With a mantra of “Let’s fix Grahamstown’s schools”, the new Vice-Chancellor, Dr Sizwe Mabizela, is determined to tackle the crisis in education by starting in his own backyard. To this end, a multi-pronged approach has been taken that encompasses both long- and short-term initiatives, and involves working with a variety of partners.
In the long run, the answer lies in building strong foundations for learning at an early stage. And that is why the areas of Early Childhood Development (ECD) and Foundation Phase (FP) education have emerged as key areas of intervention.
A pilot project offering a full-time, bilingual Bachelor of Education (BEd) qualification in Foundation Phase (FP) teaching was launched in the Rhodes Education Faculty at the beginning of 2015. This was also in response to a request from the Department of Higher Education and Training to address a national imperative, ie increasing the number of mother-tongue teachers at the FP level. The response has been very positive – 45 students enrolled instead of the required 26 – and there is a good mix. “We are encouraged that there is diversity, not only in language, but also in gender,” says Prof Di Wilmot, Dean of Education.
There are plans for a part-time Grade R Diploma in 2016/17 for ECD practitioners, in order to boost the qualifications and numbers of teachers for this critical phase of schooling. A part-time BEd Foundation Phase course, run by the Centre for Social Development (CSD), is already in place and having a significant impact on teacher professionalism and practice as far afield as the Northern Cape.
A recent collaboration with the Rhodes Geography Department has resulted in the generation of data sets for all ECD facilities, primary schools and high schools in the different wards of Grahamstown, accompanied by relevant socio-economic information. These will provide vital research and planning tools, not only to Rhodes but also to other organisations and institutions in the area. The data revealed that large numbers of children under four years of age are not receiving any kind of ECD input, so efforts are being made toput “edutainers”, which are containers equipped as early learning classrooms, in place in areas where ECD facilities are most lacking.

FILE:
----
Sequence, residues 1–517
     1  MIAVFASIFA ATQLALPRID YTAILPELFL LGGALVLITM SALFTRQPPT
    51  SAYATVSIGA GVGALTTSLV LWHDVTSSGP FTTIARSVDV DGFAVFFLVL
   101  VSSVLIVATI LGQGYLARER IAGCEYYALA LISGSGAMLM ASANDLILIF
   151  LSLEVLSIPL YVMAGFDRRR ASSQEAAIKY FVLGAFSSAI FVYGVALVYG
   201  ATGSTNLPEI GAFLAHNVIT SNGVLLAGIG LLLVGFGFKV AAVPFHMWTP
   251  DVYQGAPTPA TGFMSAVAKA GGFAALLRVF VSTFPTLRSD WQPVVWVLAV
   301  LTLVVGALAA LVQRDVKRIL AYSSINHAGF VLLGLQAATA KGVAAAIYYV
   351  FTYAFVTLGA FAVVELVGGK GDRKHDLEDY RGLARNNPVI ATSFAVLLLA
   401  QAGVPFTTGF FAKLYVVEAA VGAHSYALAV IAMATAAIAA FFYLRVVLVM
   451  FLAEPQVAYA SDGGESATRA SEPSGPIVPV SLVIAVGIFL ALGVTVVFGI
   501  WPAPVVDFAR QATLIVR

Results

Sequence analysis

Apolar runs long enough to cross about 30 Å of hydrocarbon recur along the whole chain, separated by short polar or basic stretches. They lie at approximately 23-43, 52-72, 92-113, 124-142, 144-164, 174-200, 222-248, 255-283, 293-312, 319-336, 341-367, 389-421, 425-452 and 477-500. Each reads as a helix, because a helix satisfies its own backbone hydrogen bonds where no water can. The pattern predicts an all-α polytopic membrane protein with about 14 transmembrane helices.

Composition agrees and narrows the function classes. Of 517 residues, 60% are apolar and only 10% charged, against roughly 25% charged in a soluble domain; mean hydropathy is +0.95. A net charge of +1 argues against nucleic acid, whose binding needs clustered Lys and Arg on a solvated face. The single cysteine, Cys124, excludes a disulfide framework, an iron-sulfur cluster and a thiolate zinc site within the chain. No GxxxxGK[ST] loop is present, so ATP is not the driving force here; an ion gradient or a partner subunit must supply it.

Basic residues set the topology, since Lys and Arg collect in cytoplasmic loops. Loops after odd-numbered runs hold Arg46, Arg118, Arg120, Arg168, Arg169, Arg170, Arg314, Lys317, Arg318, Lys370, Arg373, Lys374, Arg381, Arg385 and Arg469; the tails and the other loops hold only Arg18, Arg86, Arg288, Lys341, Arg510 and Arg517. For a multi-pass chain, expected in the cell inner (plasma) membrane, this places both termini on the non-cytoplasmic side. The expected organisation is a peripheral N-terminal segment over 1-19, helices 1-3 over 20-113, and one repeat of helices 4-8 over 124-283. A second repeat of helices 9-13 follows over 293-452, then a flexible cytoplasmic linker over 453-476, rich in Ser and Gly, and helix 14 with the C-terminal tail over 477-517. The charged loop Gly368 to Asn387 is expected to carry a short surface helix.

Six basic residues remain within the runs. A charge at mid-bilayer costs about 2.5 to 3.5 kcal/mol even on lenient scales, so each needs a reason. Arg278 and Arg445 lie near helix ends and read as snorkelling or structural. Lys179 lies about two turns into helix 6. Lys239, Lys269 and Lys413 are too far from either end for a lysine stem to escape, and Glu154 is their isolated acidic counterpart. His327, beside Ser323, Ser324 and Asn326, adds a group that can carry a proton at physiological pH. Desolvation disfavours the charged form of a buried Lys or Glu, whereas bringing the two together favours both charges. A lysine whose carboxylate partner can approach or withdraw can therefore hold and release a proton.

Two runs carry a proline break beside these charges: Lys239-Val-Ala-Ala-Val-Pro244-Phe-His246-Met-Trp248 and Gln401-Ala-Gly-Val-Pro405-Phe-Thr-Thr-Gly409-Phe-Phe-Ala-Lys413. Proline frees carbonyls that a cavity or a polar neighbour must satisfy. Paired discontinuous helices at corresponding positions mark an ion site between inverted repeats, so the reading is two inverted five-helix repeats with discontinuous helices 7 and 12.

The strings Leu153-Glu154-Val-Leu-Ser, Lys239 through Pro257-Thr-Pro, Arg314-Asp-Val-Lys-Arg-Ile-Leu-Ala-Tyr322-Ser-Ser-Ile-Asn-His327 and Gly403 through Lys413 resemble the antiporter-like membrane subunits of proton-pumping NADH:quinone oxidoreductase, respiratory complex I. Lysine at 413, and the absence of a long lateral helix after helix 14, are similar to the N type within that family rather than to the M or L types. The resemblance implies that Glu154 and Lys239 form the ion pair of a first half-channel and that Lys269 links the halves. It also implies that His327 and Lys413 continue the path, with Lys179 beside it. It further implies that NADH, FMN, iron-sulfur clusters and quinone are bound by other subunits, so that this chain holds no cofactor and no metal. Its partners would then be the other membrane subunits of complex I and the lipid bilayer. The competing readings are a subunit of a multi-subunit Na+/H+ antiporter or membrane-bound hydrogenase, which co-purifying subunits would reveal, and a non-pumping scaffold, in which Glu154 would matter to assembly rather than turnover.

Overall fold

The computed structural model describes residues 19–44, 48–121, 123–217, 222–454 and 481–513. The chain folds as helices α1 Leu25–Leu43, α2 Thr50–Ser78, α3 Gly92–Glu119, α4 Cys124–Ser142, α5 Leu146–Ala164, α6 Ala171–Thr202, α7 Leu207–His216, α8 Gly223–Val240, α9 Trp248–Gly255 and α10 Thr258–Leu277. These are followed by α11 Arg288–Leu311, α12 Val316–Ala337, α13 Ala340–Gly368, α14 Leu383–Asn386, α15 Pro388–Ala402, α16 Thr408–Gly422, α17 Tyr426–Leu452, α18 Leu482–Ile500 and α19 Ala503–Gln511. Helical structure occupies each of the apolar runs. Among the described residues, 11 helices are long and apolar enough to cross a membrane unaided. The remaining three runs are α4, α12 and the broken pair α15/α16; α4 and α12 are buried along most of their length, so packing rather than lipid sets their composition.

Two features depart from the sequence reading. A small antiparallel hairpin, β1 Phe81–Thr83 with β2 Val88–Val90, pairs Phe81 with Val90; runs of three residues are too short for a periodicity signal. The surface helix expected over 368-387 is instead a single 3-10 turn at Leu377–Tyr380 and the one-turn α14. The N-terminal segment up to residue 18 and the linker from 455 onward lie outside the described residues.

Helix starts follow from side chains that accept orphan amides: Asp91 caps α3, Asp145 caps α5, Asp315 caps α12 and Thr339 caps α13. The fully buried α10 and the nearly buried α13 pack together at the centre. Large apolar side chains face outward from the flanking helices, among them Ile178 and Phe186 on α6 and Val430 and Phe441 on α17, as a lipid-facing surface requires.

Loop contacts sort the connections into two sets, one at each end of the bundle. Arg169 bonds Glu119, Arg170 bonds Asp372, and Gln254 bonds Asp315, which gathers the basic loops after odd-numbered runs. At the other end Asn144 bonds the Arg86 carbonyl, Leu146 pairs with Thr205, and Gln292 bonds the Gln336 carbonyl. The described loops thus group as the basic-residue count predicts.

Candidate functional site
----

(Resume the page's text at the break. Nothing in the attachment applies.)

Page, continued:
“We are really engaging with the community and trying to be responsive to our context,” says Wilmot. Evidence of this comes from the work she herself is doing with local Geography teachers. In 2013/14, Wilmot researched the state of Geography teaching in public schools in Grahamstown, and she has subsequently established a community of practice that keeps in touch and meets regularly to improve their theoretical understanding and teaching practice. In addition, her Faculty has worked with the Rhodes Community Engagement Office to developa generic short course for student volunteers who act as tutors for the GADRA Matric School.
At the systemic level, Dr Mabizela has encouraged the Dean to be active in pursuing a relationship with the National Education Collaborative Trust, and to link this to the provincial education authorities so that agreement can be reached on what role the universities can play in addressing the education crisis in the province.
Wilmot stresses that the Faculty retains a strong research agenda alongside the more practical initiatives: “This is after all a university and our research trajectory needs to remain good. A Numeracy Chair is already in place in the Faculty, and there are plans to also establish a Literacy Chair, in order to address two of the most vital areas of early education.”
With initiatives in place at so many levels, it seems the University is well placed to give effect to Dr Mabizela’s vision.